A job versus a business

Hi, welcome to "Don't Panic", which is a short, to the point, show aimed for business owners who sometimes feel a bit overwhelmed with it all. If you'd like to listen to the audio of this show, click here.

I'm Baz and I've had my own company for 11 years now. It's been renamed, it's been through a few changes and there have been many, many times when I've wished I'd never started it and almost gone back to my day job.

But I've stuck at it, and I like to think I've learnt a few things over the years.

Which is what this show is about.

Although I've had this company for 11 years, something I've realised recently is that I've never owned a business.

This might sound weird. I've worked for myself. I don't have a boss. My company has its own bank accounts and I'm the sole director and sole shareholder.

But I don't own a business. I run a business. And I have a job.

So what's the difference?

Basically, if I was to take a year off. Or take six months off. Frankly, even if I took one month off, I probably wouldn't have a company to come back to.

I have some people who work with me. But even with them, everything goes through me.

I run the business. It's my job.

A true business owner doesn't have that issue. A true business owner can swan off round the world on their yacht, and when they return, the business will still not only be doing well, it will probably have increased its profits in the meantime.

A true business owner has an asset that brings them money. And all they need to do is check in, make sure things are heading in the right direction and that everyone's doing their job.

That's a very very different situation to the one I'm in. And if you're listening to this, it's probably a very different situation to the one you're in.

Don't get me wrong. It's not a bad thing, having a job. Although the reason I quit my last one was because the people were idiots.

No, it's not a bad thing at all. Especially if it's something you enjoy doing and it pays well.

But it's not owning a business.

And I guess that's what most of us secretly wanted when we started out down this road.

So what does owning a business entail?

I always used to think a business was defined by the product or service it offered.

You're a plumber? You fix leaky taps and install great looking bathrooms.

You have a cafe? You create great tasting food in lovely surroundings.

You sell insurance? You have a range of financial products that protect people if the worst happens.

But that's not what a business is at all. Not at all.

A business is a series of systems that underpin those products and services.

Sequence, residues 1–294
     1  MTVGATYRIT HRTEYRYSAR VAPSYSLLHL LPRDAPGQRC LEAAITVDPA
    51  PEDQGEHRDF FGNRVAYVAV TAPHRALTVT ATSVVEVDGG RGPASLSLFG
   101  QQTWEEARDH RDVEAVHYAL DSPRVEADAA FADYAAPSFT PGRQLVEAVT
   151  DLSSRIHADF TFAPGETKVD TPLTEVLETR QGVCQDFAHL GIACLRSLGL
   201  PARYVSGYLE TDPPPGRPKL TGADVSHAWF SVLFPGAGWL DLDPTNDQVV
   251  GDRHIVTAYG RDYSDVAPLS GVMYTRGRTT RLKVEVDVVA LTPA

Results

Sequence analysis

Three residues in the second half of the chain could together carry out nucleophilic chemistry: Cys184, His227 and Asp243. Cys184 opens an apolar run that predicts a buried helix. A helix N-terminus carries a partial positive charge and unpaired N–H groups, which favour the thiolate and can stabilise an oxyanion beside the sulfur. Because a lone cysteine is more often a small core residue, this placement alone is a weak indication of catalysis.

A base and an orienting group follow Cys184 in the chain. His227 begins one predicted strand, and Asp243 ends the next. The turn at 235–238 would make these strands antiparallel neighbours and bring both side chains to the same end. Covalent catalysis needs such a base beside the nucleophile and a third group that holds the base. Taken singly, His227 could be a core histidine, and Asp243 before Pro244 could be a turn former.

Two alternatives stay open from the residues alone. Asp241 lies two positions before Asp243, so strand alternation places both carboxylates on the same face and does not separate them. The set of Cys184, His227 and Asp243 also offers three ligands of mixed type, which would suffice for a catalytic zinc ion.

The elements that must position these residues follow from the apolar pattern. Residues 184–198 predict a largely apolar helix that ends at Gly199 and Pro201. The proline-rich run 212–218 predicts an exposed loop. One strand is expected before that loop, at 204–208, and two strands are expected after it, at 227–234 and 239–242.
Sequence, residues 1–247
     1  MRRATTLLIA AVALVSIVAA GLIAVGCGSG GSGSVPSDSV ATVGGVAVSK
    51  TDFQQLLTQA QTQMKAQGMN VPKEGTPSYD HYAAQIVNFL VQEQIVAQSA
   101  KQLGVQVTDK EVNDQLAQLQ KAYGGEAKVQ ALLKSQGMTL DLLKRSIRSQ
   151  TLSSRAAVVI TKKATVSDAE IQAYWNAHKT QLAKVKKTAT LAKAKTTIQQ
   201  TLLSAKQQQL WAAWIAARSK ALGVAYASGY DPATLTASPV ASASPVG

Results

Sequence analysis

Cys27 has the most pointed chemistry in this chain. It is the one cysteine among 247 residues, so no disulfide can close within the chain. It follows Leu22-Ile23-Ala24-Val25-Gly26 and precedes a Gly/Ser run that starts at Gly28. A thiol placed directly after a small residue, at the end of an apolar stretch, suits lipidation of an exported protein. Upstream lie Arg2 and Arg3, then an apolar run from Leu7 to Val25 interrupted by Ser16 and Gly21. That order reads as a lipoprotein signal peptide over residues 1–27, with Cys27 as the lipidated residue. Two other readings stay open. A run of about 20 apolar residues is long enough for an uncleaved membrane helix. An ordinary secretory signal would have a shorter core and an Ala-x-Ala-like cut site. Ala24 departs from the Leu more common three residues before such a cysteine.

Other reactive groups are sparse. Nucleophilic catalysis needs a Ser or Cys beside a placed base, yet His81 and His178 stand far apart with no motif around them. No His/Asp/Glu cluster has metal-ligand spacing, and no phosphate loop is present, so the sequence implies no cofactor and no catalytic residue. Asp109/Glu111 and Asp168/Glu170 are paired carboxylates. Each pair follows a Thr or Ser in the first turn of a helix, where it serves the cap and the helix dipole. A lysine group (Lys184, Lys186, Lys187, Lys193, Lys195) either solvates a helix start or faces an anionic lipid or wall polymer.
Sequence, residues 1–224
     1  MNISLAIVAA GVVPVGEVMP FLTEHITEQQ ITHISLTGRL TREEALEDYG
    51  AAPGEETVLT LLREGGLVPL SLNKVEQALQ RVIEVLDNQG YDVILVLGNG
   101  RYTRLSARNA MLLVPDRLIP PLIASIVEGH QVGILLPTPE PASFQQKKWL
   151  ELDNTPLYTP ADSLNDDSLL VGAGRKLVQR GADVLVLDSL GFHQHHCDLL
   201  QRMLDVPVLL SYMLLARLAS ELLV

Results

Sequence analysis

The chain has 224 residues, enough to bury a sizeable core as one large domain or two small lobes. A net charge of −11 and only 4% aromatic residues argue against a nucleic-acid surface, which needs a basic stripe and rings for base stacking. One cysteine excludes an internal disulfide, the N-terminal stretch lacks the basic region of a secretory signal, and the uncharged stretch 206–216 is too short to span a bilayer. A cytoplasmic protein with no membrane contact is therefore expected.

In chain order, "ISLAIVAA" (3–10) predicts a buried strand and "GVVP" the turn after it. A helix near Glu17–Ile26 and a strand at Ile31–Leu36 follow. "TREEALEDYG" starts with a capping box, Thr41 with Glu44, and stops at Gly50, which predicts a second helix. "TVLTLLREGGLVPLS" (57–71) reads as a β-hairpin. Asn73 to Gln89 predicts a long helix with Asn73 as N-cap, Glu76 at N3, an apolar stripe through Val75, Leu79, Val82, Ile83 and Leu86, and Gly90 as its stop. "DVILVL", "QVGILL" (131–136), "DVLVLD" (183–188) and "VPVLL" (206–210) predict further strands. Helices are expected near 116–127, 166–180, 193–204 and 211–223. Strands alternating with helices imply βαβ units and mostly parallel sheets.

That sounds pretty weird, so let's say it again.

A business is a series of systems that underpin those products and services.

What on earth does that mean?

Well, most businesses have at least three systems that need to work in order to keep the business going.

There's your finance system.

How do you make sure that the money comes in at the right time and your suppliers get paid? How do you make sure that you're covering your costs? How do you make sure that your staff get their wages?

There's your operations system.

When we get a new order, how do you deliver it? How do you ensure that it's exactly what the customer is expecting? What do you do to meet the required quality standards? The required health and safety standards? And what do you do if the customer's not happy?

And, in some ways, most important of all is your sales and marketing system.

How do you get people interested in what you have to offer? Where do you find these people? Why would they be interested in you? What do you say to them when they are interested? How do you choose your prices? What guarantees do you offer?

Ultimately, it doesn't matter what you sell.

Your business is, at the very least, those three systems.

For most of us, those systems are haphazard, frequently made up on the spot, and generally a bit chaotic.

But if you get them right, you can get to the point where you can hand the day to day running of those systems to other people. And you just need to check in and make sure everyone's doing what they're supposed to.

You can move from having a job to owning a business.

And that's what I'm in the process of doing. And that's what this show is all about.

Rahoul Baruah

Rahoul Baruah

Rubyist since 1.8.6. I like hair, dogs and Kim/Charli/Poppy. Also CTO at Collabor8Online.
Leeds, England